Posted on March 20, 2017 at 11:44 PM
I thought that headline would get your attention. Okay, so actually, yesterday would have been an even better time to have a cardiac event, but today’s still good. March 17-19, the American College of Cardiology was meeting in Washington, DC. Lots of top cardiologists were away from their hospitals and not seeing patients. Today I assume they are mostly in the air, on their way home.
Now, you might think, this is a terrible time to need cardiac care, because there are fewer specialists available. You would predict that on average, people needing cardiac care would do worse during these big national conventions. In fact, the opposite turns out to be true. An article published in JAMA shows that patients admitted to teaching hospitals with high-risk heart failure or cardiac arrest, did significantly better when cardiologists were away at these conventions.[i] The benchmark chosen by the researchers was 30-day mortality. Of high-risk patients admitted with heart failure during meeting dates, 17.0% died within 30 days compared with 24.8% admitted on nonmeeting dates. Similarly, 59.0% of patients admitted to teaching hospitals with cardiac arrest during meeting dates died within 30 days compared with 68.6% on nonmeeting dates.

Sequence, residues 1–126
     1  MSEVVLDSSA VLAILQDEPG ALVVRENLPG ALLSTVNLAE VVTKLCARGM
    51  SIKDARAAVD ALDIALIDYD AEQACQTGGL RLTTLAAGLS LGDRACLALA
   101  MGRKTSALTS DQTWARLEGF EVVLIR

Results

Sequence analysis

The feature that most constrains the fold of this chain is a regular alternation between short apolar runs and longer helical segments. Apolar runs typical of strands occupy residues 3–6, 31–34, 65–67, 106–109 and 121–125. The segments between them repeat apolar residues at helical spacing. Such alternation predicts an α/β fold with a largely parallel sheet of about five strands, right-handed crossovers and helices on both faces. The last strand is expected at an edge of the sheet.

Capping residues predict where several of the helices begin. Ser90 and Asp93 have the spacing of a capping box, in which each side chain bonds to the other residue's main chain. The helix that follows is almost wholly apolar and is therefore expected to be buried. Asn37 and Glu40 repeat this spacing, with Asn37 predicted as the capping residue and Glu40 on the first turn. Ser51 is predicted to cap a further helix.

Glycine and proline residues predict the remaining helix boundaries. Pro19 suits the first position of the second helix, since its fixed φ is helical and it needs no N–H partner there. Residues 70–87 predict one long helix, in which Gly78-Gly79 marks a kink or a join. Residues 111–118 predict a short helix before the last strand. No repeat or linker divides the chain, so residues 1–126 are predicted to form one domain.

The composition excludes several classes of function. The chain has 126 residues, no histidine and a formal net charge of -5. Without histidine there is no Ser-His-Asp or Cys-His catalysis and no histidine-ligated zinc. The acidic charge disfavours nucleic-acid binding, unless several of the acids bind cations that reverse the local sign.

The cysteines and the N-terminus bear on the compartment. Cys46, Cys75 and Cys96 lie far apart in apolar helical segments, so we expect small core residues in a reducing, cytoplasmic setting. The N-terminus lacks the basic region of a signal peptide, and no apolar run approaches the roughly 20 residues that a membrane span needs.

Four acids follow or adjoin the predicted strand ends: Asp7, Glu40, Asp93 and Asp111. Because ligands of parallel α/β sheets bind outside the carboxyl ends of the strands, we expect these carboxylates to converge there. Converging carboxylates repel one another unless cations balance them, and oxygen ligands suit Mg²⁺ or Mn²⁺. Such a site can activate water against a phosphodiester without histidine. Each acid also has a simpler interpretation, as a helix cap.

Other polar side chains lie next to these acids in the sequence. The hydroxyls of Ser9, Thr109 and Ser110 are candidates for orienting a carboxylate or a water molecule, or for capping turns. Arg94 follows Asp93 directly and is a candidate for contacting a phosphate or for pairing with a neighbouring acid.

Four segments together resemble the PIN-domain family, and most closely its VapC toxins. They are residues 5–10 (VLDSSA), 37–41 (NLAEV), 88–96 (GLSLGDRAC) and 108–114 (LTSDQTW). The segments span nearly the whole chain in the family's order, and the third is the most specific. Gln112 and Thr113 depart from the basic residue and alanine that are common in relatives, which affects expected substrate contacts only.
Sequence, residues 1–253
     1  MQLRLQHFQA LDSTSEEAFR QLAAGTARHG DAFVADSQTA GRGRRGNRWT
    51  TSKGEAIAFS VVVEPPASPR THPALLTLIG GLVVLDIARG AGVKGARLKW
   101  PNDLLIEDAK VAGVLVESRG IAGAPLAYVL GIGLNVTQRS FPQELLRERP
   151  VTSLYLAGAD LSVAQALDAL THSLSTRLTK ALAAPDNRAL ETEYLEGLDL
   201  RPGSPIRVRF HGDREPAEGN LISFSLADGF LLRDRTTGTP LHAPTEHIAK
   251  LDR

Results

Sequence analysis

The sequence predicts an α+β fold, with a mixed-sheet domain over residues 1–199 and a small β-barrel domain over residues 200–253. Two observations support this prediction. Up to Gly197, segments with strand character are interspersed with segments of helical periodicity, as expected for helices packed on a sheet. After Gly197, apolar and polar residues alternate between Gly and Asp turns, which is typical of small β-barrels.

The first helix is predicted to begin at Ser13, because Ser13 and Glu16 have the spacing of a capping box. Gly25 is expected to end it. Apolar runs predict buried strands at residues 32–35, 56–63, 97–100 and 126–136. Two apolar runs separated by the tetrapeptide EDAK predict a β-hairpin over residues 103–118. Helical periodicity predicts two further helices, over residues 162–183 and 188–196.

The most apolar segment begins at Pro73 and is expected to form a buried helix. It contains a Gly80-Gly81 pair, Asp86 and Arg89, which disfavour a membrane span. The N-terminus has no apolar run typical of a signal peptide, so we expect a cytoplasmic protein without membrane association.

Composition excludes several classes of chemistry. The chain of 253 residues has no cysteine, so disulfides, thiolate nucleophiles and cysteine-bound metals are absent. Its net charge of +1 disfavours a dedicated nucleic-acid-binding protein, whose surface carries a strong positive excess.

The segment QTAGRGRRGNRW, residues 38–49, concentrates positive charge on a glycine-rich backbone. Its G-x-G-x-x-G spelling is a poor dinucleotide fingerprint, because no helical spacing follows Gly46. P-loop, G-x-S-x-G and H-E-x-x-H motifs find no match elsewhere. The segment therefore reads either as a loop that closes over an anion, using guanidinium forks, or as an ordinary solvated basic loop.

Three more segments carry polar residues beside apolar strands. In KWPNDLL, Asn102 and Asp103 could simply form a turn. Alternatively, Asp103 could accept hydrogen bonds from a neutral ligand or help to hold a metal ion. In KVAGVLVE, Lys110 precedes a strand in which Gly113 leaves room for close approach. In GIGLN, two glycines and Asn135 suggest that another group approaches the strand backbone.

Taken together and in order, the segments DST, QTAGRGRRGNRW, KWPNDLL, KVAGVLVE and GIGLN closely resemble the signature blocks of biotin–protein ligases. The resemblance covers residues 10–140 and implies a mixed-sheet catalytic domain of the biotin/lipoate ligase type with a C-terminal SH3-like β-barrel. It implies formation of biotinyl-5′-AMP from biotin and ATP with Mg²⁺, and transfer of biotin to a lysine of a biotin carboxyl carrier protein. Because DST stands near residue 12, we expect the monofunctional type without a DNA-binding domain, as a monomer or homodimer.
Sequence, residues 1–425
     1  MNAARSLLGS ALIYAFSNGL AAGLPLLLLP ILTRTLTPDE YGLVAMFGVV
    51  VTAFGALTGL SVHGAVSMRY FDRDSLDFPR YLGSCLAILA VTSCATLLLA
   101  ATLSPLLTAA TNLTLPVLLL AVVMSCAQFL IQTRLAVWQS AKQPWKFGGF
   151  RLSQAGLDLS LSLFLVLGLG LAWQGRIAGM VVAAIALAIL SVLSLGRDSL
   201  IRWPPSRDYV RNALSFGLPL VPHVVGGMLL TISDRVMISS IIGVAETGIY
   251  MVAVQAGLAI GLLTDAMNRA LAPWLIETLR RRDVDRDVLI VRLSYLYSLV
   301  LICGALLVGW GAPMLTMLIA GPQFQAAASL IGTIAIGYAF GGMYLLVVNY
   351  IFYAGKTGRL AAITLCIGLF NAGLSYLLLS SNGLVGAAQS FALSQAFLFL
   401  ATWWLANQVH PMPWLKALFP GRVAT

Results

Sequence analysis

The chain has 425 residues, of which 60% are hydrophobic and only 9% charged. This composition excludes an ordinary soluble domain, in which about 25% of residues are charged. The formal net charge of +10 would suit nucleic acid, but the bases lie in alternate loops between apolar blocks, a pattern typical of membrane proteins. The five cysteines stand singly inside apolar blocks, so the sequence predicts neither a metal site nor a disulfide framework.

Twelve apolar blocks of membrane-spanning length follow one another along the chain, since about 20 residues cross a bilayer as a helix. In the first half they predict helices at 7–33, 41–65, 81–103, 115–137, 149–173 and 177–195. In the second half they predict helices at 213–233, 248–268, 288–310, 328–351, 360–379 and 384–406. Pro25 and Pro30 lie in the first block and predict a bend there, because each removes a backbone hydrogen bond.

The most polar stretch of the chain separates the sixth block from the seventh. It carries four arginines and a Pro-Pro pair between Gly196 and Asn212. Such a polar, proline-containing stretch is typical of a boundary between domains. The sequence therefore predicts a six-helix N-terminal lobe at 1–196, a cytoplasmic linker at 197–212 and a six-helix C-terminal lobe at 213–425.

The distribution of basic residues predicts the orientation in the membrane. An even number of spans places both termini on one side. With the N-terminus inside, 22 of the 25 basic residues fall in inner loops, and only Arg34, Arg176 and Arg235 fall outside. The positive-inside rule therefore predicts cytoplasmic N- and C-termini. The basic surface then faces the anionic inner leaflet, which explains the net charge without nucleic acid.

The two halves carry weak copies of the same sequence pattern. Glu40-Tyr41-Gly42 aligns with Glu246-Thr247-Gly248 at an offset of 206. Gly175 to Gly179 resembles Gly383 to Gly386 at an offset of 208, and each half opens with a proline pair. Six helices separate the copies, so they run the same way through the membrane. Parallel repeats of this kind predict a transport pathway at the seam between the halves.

When Anupam Jena, the lead author, was interviewed on NPR’s Freakonomics, he explained the magnitude of the results. “The mainstays of treatment for heart disease are beta blockers, statins, aspirin for some individuals, a blood thinner like Plavix. If you were to combine all those therapies together, we’re probably talking about reducing your mortality by about 2 to 3 percentage points.” Whereas just going to the hospital when the cardiologists are at a meeting reduces your mortality by 8 and 10 percentage points. WOW!
So what might explain this result? We can’t know for sure, but Aaron Carroll of my favorite blog, The Incidental Economist, has some ideas.[ii] Maybe the best cardiologists stayed home. Maybe fewer invasive procedures were done, leading to better outcomes. Maybe the hospital triaged patients, told the low-risk ones to stay home, and concentrated on the high-risk patients, leading to better care. But as Carroll says, “Whatever is different during the meetings, it’s associated with lower intensity care and better outcomes.”
In other words, as is so often the case in medicine, less is more.
[i] Anapum B. Jena, Vinay Prassad, Dana P. Goldman, et al. Mortality and Treatment Patterns among Patients Hospitalized with Acute Cardiovascular Conditions During Dates of National Cardiology Meetings. JAMA Intern Med. 2015;175(2):237-244.